I’m in the midst of rebuilding the index of my search engine to allow for better search results, and I’ve yet again found need to revisit how I handle link farms. It’s an ongoing arms race between search engines and link farmers to adjust (and circumvent) the detection algorithms. Detection and mitigation of link farms is something I’ve found I need to modify very frequently, as they are constantly evolving to look more like real websites.
In the mean time, I’ll share an autopsy of how link farms operate, and some ways I’ve approached them. It’s a strange and shady business that doesn’t get talked about a lot. The advertisement industry is shady. The SEO industry is shadier still. This is the shady part of the SEO industry. It’s shady cubed, some real cloak-and-dagger stuff.
The point of a link farm is to manipulate the algorithms used by search engines, typically Google, which several degrees simplified rates a website by how much traffic it gets. Link farms can also serve as vectors for scams and malware, since they allow the construction of unpredictable URLs across different domains that point to similar content, that’s hard to detect for spam filters and antivirus software.
Their modus operandi seems to be as follows:
- They register one or several domains somewhere, it’s usually .xyz because they are cheap
- They buy some cheap cloud computing someplace, very often Alibaba
- They point wildcard records for *.their-domains.xyz to their cloud ingress
- They upload a website that responds to every URL with a bunch of links to random subdomains with random URLs. Occasionally they will be freebooting content off social media like reddit, or from articles or blog posts to make their content look less machine generated, but surprisingly often they’ll straight up be lists of keywords and links.
- They buy expiring domain names and put links to the link farm, and also spam them in forums and free wordpress, blogspot, etc.-blogs.
The fact that they are often using the cheapest domain names should indicate that they register a lot of domains. Often they are shilling hotels or travel-related products, there’s also a strange cluster that’s squatting in domains that once belonged to pages about blues music; and there’s finally a large operation that seem to target the east-asian online shopping market.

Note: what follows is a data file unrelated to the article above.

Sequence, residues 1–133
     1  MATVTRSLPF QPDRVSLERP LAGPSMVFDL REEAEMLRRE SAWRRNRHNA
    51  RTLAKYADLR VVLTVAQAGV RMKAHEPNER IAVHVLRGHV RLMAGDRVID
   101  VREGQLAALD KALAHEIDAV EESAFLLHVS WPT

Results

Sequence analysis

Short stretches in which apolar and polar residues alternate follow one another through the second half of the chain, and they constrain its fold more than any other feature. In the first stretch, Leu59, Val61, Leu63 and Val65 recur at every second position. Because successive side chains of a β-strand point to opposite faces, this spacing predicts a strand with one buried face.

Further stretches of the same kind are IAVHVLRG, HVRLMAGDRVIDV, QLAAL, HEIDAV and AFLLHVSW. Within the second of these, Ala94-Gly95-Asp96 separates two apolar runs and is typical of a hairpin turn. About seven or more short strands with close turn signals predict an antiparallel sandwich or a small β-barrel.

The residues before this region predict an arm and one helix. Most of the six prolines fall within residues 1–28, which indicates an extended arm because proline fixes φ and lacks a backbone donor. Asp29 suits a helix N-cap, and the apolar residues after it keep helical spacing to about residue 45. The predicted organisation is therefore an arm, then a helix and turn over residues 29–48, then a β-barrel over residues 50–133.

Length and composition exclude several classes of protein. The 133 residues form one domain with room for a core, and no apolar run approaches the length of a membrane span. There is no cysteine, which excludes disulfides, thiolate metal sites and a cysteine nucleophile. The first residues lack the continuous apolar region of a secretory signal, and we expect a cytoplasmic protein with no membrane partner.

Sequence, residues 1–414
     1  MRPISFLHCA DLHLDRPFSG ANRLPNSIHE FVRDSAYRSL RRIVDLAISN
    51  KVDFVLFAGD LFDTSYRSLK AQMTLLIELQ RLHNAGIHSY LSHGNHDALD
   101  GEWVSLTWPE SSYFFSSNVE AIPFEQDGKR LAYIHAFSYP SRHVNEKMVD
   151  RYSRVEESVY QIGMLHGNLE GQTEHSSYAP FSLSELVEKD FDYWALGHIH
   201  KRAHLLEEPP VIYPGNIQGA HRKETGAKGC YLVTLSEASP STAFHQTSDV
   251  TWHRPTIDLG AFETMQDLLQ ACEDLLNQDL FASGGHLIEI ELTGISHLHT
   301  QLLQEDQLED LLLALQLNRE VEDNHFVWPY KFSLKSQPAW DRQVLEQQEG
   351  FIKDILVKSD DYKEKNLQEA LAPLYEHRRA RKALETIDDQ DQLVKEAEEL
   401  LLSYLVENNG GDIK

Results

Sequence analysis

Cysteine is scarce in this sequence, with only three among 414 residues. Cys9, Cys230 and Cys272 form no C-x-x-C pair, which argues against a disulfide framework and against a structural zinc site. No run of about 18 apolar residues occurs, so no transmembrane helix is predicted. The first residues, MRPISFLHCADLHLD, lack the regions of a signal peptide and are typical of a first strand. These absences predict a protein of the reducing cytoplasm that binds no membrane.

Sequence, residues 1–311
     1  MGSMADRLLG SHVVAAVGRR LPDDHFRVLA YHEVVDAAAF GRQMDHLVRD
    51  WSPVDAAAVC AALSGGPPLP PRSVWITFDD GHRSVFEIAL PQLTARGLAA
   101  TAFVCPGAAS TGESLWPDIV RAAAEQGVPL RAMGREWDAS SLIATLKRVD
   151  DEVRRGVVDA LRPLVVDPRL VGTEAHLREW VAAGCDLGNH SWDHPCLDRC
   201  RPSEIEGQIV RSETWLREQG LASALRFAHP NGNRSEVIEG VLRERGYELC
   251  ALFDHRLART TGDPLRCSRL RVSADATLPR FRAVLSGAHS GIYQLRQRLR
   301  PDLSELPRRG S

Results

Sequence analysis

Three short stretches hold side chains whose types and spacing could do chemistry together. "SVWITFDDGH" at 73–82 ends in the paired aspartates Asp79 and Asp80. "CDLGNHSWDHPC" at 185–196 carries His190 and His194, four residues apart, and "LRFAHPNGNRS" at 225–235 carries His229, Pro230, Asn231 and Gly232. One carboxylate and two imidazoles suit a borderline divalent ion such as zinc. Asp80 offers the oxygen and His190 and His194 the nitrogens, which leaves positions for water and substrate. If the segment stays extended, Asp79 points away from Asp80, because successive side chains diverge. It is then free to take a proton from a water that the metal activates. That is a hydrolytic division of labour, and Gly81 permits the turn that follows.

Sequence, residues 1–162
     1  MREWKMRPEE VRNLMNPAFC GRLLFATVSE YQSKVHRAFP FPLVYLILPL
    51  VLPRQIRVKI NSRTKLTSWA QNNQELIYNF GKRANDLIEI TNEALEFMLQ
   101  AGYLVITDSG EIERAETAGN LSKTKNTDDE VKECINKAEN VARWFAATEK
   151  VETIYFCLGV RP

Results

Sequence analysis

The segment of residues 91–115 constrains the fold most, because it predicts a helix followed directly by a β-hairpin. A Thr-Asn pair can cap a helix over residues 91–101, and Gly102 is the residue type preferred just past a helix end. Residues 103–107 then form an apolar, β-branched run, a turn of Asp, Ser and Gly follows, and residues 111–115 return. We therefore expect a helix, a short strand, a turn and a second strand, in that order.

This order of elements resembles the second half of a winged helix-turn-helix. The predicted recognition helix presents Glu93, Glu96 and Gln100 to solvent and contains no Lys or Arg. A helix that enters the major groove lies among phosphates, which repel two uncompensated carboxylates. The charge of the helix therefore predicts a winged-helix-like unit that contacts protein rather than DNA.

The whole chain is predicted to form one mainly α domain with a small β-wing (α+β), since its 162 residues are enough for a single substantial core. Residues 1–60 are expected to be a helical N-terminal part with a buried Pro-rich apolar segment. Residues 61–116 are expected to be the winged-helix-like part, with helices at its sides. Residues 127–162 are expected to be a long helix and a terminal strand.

The age of man will have expired before you’re done indexing just one of these effectively endless tangles of domains and hyperlinks so simply powering through is not really an option.
I do have some flagging of domains with large numbers of subdomains, but that’s a pretty expensive operation that is only possible to run every 10 minutes, and by the time they’re detectable, they’ve already polluted the index quite a bit. Think links across 10 domains x 500 subdomains x 10000 known URLs; for one link farming operation. So far I’ve identified nearly ten thousand domains, and I do not think this is exhaustive. This is a last resort measure to catch the ones that get through.
It’s much better to weed out the rotten eggs before they enter the machinery, and I’ve found the far most effective solution to this to apply scorched earth tactics, and indiscriminately exclude entire swathes of addresses from crawling. My index is never going to be a complete one anyway, no search engine does that, so I’ll ruthlessly take any measure that increases the quality.
I’m restricting the crawling of subdomains in the new generic TLDs and some ccTLDs. As mentioned earlier, .xyz is especially rife with these sites. I think it’s a combination of cheap domain names and weak oversight; I’ve read that they have been a major source of email spam as well. An unfortunate side effect is that this cuts off a lot of domain hacks. “cr.yp.to” is one site I for example currently will not index despite it having otherwise interesting content.
I’m also IP-blocking sites that don’t use the www-subdomain, when they are hosted in Hong Kong, China, Taiwan, India, Russia, Ukraine, or South Africa. It’s not the least fair as there are legitimate websites of interests hosted in these countries and domains, but again it’s very effective.
Repeatedly I’m met with the disheartening conclusion that we just can’t have nice things.
Appendix: Number of identified link farm domains by TLD
xyz 2622 gTLD com 1776 gTLD tw 535 ccTLD Taiwan online 511 gTLD top 265 gTLD pw 249 ccTLD Palau icu 204 gTLD net 167 gTLD asia 117 gTLD site 72 gTLD
I would present a breakdown by country, but that would entail making nearly ten thousand DNS queries in rapid succession, and that’s just an unnecessary waste of resources.